• voice vlan mac-address 58BC-2700-0000
  • voice vlan mac-address 6416-8D00-0000
  • voice vlan mac-address 68BD-AB00-0000
  • voice vlan mac-address 68EF-BD00-0000
  • voice vlan mac-address 6C50-4D00-0000
  • voice vlan mac-address 9CAF-CA00-0000
  • voice vlan mac-address A40C-C300-0000
  • voice vlan mac-address A8B1-D400-0000
  • voice vlan mac-address B414-8900-0000
  • voice vlan mac-address B4A4-E300-0000
  • voice vlan mac-address B8BE-BF00-0000
  • voice vlan mac-address D057-4C00-0000
  • voice vlan mac-address DC7B-9400-0000
  • voice vlan mac-address E804-6200-0000
  • voice vlan mac-address EC44-7600-0000
  • voice vlan mac-address ECC8-8200-0000
  • voice vlan mac-address F025-7200-0000
  • voice vlan mac-address FCFB-FB00-0000





 

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From Cisco to HP – Quick Start

It’s not uncommon that I have customer who are making the jump to HP networking gear from a Cisco  background.

This post is just a way for me to put together some resources for them to quickly get up to speed and to help make their lives easier.

Resources

CLI Reference Guide

If you’ve got a reasonable background in Cisco networking, the first thing you’ll want to check out is the HP Networking and Cisco CLI reference guide. Someone ( thankfully not me!) went through and created 292 pages of goodness in basically what is a small rosetta stone for a dual-vendor network.

If you know the command on a cisco IOS device. Do a quick search and you’ll find the HPN equivalent.

Interoperability Cook book

It’s VERY rare that I ever get involved in a greenfield environment. Most customers have a legacy network around, and many of those were built on Cisco equipment.  HP has taken this into consideration and put together the HP/Cisco Switching and Routing Interoperability Cookbook  which gives some clear guidelines on setting up both sides of the connections.

HP Press

A lot of people still haven’t caught on that HP Press was launched last year. There are already books out covering the major HP networking certifications, not to mention other HP product lines as well.  These are great resources to have on a shelf for those times when you just have to look something up.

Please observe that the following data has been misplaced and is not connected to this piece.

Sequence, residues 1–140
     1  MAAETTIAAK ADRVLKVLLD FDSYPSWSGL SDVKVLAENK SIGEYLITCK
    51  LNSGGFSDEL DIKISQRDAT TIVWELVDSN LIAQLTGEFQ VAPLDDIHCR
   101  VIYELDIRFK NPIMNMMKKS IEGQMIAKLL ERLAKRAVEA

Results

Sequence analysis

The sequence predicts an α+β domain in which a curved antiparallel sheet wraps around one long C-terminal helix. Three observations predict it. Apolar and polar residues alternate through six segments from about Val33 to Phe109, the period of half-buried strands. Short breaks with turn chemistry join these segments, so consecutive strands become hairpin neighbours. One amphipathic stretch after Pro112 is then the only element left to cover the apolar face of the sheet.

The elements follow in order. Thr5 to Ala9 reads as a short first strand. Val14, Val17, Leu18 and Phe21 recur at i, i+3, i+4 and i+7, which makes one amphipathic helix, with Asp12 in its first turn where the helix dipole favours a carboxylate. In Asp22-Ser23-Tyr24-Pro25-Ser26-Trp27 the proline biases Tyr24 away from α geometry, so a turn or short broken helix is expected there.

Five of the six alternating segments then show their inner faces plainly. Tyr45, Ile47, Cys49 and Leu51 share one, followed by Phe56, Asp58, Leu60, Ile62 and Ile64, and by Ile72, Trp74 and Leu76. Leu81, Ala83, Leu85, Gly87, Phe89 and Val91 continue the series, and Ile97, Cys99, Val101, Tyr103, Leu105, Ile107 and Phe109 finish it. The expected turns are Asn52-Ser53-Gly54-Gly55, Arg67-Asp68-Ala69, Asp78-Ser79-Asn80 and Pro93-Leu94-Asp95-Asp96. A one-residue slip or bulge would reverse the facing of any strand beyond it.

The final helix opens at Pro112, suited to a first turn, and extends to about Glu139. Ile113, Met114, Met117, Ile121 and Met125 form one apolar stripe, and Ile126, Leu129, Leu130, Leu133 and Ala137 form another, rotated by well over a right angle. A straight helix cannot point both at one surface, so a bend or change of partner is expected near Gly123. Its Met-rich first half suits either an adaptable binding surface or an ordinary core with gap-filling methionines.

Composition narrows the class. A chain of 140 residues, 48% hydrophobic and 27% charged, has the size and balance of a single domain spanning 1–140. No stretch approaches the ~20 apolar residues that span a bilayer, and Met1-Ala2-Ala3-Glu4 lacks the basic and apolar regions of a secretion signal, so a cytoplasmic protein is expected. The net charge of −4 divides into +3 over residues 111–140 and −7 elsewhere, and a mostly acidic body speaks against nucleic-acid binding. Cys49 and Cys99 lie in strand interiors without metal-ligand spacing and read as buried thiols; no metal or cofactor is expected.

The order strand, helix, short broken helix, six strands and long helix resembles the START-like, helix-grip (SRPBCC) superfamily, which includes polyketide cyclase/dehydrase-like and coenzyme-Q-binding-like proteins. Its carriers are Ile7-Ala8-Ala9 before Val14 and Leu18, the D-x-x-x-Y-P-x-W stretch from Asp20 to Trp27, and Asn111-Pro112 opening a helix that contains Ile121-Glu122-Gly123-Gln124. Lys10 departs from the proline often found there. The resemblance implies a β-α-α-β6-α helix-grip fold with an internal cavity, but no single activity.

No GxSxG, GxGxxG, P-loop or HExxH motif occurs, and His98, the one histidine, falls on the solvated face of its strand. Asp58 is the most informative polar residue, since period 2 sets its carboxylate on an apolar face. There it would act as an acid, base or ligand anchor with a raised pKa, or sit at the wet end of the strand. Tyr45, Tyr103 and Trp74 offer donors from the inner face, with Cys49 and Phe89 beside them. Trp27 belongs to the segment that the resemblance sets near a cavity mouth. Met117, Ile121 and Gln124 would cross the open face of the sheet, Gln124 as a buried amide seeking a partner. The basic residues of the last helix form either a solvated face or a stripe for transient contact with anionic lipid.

Tips and Tricks

Spanning-tree is turned off by default

Whether or not you agree with this decision, HP has made it and you should be aware of it. If you’d like your new switch to participate in a (r/s/pv/TP ) environment. You’ll need to turn it on.

Command Aliases

I’ll admit it. After spending years in a Cisco world, the word ” show ” jumps out of my fingers faster and onto a keyboard faster than just about anything else except perhaps ” wr”   (  write mem for those of you who grew up in a copy running-configuration startup-configuration” era.  )

Even after years working with the comware products, ( which use the word display in place of show ) I still hit situations where the reflex just kicks in.

Luckily, HP has included a nice alias function which allows you to map new keywords to existing commands.
Included here is my list of commands which I keep on all my comware lab equipment. To say this outloud, there’s no excuse to not learn the new CLI. You will be a better engineer for it. But… it’s also nice to have a safety net for those moments when you’re fingers think faster than your brain.

HP Comware Cisco Alias command List

command-alias enable

command-alias mapping undo no

command-alias mapping reboot reload

command-alias mapping header banner

command-alias mapping reset clear

command-alias mapping acl access-list

command-alias mapping port switchport

command-alias mapping stp spanning-tree

command-alias mapping snmp-agent snmp-server

command-alias mapping user-interface line

command-alias mapping display show

command-alias mapping return end

command-alias mapping quit exit

command-alias mapping sysname hostname

command-alias mapping acl access-list

command-alias mapping save write

command-alias mapping delete erase

command-alias mapping info-center logging

 

note: If anyone has any I’ve missed here, please feel free to post in the comments and I’ll try and update the post.

Hotkeys

One of the other nice touches that HP has done with Comware is to include system hotkeys. This allows you a VERY quick way to input commands without typing the whole thing out. Wonderful for those situations where you can’t see where you are typing. Turned on too many debugs? CTRL_O will perform an “undebugging all” command for you and you get your terminal session back.

There are some default system ( unchangeable ) as well as some user-definable hotkeys which are listed here.

            =Defined hotkeys=